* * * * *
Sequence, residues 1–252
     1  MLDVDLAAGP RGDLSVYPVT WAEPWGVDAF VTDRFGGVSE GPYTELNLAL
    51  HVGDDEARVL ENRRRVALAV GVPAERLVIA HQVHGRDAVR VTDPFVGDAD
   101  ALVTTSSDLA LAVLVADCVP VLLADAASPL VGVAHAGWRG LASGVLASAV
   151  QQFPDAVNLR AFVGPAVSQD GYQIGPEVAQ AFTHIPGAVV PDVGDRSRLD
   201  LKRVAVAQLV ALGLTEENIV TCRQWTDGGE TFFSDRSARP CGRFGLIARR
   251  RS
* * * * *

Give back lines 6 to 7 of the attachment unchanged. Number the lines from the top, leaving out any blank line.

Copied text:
   201  LKRVAVAQLV ALGLTEENIV TCRQWTDGGE TFFSDRSARP CGRFGLIARR
   251  RS